Francesco Lollobrigida

Insect flour, green light in Italy: where it is found and how it will be used

No to cultured meat, yes to insect meal.
This is a contradiction that has been debated for days in Italy, ever since the four decrees of the Ministry of Agriculture regulating and marketing food products based on insect flour were published in the Official Journal on 29 December.
Needless to say, the news soon spread on the Internet, generating tensions within the Ministry, forcing Minister Francesco Lollobrigida to have to clarify the position and intervention of the Meloni Government.
If the authorization to market products with insect flour came from Europe, thus binding every country, Italy intervened by imposing "stringent rules", in reality already foreseen by European legislation.
Faced with such news, it is natural for people to wonder where and in which foods the presence of insect flour could soon be found.
It is therefore appropriate to clarify and understand how it will be used.
Here is everything you need to know about insect flour and the rules for using it.
read also Cheap supermarkets, the 2023 ranking of the most convenient Insect flour, green light in Italy: which insects and where can they be found? It is therefore official in Italy it will be possible to produce, see and purchase foods with flours with the four types of insects – in frozen, dried or powdered form – already authorized for human consumption in 2021 in Europe.
Specifically, the four approved types are: larvae of the lesser mealworm (Alphitobius diaperinus); yellow mealworms (Tenebrio molitor); migratory locusts; house crickets (Acheta domesticus).
The European decision to open up to the sale of these foods is the result of the community regulation on novel foods, in force since January 2018, which recognizes four types of insects as novel foods and traditional products from third countries.
The European Food Safety Authority (EFSA) explained that the flours of these insects can be used in foods such as: bread; cookies; bars; bakery products; pasta; pizzas; soups; drinks like beer read also Why does olive oil cost so much? Insect flour, how it will be used: the rules of the Ministry The provisions established by the four decrees wanted by the Minister of Agriculture, Francesco Lollobrigida, concern the conditions of use and the labeling of foods based on insect flours, although the regulations already Europeans require the indication of the ingredient both in the sales name, for example "biscuits with cricket flour", and in the list of ingredients with the specific name of the ingredient and its percentage.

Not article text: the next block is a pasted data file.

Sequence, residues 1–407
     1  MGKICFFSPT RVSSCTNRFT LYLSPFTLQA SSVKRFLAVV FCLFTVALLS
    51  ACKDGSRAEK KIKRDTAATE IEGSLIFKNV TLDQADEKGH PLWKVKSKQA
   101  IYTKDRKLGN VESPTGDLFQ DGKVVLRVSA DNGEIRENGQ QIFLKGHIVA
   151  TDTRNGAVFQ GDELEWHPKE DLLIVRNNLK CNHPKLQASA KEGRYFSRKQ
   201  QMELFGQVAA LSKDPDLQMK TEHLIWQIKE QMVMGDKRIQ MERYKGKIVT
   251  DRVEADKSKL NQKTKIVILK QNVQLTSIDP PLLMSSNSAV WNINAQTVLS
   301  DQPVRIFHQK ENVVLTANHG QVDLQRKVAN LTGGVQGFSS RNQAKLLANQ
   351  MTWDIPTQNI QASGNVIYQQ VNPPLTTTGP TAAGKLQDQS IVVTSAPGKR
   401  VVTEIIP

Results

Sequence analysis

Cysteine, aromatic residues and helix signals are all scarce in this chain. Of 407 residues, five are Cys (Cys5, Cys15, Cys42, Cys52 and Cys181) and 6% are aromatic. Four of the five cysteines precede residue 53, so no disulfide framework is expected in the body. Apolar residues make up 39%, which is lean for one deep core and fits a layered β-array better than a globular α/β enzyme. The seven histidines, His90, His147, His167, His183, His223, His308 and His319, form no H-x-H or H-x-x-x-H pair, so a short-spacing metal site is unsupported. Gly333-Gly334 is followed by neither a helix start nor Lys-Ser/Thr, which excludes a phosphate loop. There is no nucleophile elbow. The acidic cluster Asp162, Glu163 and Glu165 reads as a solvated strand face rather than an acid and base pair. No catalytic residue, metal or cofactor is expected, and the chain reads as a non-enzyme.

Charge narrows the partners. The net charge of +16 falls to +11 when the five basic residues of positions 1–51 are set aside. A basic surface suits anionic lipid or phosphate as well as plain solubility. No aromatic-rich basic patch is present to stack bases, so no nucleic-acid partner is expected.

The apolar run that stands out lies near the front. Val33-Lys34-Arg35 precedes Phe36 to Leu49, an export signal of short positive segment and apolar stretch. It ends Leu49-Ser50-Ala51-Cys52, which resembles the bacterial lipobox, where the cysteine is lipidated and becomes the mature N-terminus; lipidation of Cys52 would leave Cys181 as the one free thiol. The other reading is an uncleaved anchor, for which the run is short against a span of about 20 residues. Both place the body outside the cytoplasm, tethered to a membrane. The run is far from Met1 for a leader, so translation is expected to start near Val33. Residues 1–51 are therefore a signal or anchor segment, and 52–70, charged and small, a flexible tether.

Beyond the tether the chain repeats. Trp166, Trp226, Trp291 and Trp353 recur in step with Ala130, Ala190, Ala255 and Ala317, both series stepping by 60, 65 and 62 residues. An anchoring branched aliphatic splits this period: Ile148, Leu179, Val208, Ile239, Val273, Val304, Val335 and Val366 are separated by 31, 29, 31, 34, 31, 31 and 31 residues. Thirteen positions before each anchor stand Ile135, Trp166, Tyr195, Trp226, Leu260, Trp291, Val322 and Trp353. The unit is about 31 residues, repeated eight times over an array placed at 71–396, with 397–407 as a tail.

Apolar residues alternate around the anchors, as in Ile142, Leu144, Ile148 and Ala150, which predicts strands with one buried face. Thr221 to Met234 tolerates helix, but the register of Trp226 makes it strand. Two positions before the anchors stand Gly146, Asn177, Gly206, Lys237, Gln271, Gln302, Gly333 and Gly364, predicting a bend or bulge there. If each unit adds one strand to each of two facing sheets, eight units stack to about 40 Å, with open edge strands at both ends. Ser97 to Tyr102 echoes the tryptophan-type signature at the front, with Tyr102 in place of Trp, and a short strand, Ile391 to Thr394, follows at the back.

National provisions have established that the following must be reported on the packages: the type of insect present; the quantities used (up to a maximum of 10%); the country of origin of the flour, currently three flours produced by three companies are authorized in Europe: a French, Dutch and Vietnamese information relating to risks linked to allergic reactions.
In fact, insect flour must be reported compulsorily because it is an allergen like crustaceans and molluscs.
In fact, the words already appear on the packaging: "people allergic to crustaceans, molluscs or dust mites may also be allergic to insects".
The only difference between Italian and European legislation is that the decrees establish that the products in question must be put on sale in separate compartments, indicated through specific signage.
A decision that is ambiguous, as it could constitute discrimination in sales or it could prove to be an excellent marketing strategy to attract the attention of the most curious to the new products, encouraging their consumption.
At the moment.
therefore, only one question remains unanswered: will the EU authorize sales in separate departments, with the risk of food discrimination? In fact, one could object that since flours are as authorized as vegetable flours, they should not be placed in different departments.
According to the experts who followed the process of the Italian flour decrees, Europe authorized them with a "silent consent", 90 days having passed since the Italian government's notification to Brussels.
Yet, the possibility that the European Union decides to reawaken and challenge this government decision should not be ruled out.
However, the fact remains that consumers will be thoroughly informed about the presence or absence of insect flour in foods and decide whether to purchase them or not.
read also Cultivated meat: how it is made, pros and cons and the reasons for the ban in Italy

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